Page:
- The Child’s wishes and opinions have been taken into account in accordance with their age and level of maturity
- The consent expressed by the child for their adoption, when it is required, is freely expressed in ways required by the law, and that this consent is given or recorded in a written form
As for conditions to be met in the host state for a valid international adoption, article 19 of the Child Protection Code explains that the host state should certify that:
- The future parents are qualified and are capable of adopting children
- The adopted child is authorized to enter and reside permanently in the host country
However, even though international adoption is allowed under fulfillment of the above-mentioned conditions, article 20 of the DRC Child Protection Code denies the right to adoption to homosexuals, pedophiles and mentally-ill people.
Existing data shows that, in Africa, Ethiopia has the highest number of adoptions into US families Ethiopia does not make prior short or long residency in Ethiopia, a precondition for child adoption. However, Ethiopian authorities usually expect prospective parents to travel to Ethiopia before completing an adoption process before local courts. The main requirements for international adoption in Ethiopia include:
- Age limits: future adoptive parents must be at least 25 years of age and at most 65 years old. Also, the age difference between the adopted child and adoptive parents should not exceed 40 years.
- Marriage: prospective adoptive parents who are married for more than 5 years may have better chance for adopting a child in Ethiopia. Unmarried women have recently been granted the right to adoption children in Ethiopia but unmarried men cannot adopt unless they are of Ethiopian descent.
- Financial capacity: parents who wish to adopt a child in Ethiopia must prove their financial ability before local courts. However, there is not a minimum level of income that is required at the moment.
Like in the Democratic Republic of Congo, adoption of children by gay or lesbian individuals or couples is prohibited under Ethiopian Law.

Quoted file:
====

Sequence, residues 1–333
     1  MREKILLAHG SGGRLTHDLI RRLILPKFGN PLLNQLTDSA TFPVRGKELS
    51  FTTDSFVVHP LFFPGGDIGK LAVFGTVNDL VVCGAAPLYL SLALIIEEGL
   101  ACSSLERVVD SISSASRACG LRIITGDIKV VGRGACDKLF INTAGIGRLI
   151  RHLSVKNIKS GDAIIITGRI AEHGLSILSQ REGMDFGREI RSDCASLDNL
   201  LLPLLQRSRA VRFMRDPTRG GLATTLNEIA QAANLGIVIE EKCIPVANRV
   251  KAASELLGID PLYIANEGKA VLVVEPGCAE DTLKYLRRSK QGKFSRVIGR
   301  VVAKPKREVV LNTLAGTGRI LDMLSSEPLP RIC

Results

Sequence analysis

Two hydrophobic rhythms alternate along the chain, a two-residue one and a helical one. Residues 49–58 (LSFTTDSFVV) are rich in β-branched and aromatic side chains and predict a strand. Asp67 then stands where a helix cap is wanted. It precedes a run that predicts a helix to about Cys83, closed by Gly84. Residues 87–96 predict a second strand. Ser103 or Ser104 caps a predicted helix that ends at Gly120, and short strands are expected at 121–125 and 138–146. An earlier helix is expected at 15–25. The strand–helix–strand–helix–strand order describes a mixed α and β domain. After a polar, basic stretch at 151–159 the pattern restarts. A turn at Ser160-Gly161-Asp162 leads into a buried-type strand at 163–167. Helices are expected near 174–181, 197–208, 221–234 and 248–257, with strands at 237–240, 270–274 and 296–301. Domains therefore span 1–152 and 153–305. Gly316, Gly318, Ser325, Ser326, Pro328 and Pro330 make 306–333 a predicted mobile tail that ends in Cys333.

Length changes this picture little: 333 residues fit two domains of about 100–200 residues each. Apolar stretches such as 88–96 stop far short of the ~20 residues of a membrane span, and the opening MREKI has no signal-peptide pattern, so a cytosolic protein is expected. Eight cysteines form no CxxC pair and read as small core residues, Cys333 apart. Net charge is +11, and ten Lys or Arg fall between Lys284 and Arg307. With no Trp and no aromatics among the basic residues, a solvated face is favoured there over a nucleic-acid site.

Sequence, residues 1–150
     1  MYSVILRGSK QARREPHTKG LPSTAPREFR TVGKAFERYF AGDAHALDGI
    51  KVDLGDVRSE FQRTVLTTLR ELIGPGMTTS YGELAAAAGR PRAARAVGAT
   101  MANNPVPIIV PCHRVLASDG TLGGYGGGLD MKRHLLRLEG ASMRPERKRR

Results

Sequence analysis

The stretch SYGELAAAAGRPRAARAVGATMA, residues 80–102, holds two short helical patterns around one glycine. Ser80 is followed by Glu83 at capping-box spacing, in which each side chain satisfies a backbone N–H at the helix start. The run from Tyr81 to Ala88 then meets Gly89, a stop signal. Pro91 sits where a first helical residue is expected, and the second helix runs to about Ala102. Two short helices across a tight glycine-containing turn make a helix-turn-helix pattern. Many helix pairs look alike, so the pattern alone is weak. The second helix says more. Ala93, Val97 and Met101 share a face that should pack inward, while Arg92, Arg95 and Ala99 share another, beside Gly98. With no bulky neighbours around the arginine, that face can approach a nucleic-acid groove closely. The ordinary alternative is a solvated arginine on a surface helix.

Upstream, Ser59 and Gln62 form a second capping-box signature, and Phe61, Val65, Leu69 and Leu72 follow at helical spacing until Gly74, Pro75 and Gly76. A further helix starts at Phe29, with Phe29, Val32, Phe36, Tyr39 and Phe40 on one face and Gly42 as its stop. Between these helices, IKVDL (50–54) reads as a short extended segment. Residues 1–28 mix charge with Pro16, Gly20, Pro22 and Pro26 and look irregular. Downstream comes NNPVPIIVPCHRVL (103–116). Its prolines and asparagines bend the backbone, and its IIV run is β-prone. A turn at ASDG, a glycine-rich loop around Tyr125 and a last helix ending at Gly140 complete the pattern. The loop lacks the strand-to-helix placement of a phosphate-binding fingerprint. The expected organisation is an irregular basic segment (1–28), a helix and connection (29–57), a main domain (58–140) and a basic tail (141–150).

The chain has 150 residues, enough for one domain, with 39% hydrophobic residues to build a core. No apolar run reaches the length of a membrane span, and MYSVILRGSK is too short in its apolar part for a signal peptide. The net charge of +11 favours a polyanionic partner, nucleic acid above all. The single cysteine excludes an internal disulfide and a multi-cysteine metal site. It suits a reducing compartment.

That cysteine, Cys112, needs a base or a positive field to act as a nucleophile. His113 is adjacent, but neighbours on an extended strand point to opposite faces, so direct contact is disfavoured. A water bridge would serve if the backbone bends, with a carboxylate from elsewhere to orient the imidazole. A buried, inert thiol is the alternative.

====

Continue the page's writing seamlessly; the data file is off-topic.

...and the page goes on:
As a party to the Hague Convention on Protection of Children and Co-operation in Respect of Intercountry Adoption (Hague Adoption Convention), international adoption in Burkina Faso is done according to Hague Convention and its implementing legislation in Burkina Faso. Requirements for adoption in Burkina Faso are as follow:
- Residency: there is no residency requirement for parents who live abroad. For those residing in Burkina Faso, a minimum residency of 2 years is required
- Age: adopting parents must be 32 to 55 years old and at least 15 years older than the child that they would like to adopt.
- Marriage: To adopt couples must be legally married for at least 5 years.
- Income: parents who seek to adopt a child must insert into their application a proof of sufficient funds for taking care of the child.
In common practice homosexuals are prohibited from child adoption in Burkina Faso even though it is not specifically written in the law.
According to recent research, certain Asian countries have been top origins of intercountry adoption, namely China, India, The Republic of Korea (South Korea), Vietnam etc. Yet Asian countries have different legal framework towards intercountry adoption.
Mainland China and Hong Kong SAR
As China has been party to the Hague Convention on Protection of Children and Co-operation in Respect of Intercountry Adoption (Hague Adoption Convention) since 1 January 2006, all adoptions between China and another country must meet the requirements of the Convention and Chinese domestic law. This membership of Hague Adoption Convention is also applied to Hong Kong Special Administrative Region as it is a territory of the People’s Republic of China.
On the international level, China also have bilateral agreements with certain country, including Australia (The Family Law (Bilateral Agreements – Intercountry Adoption) Regulations 1998) etc.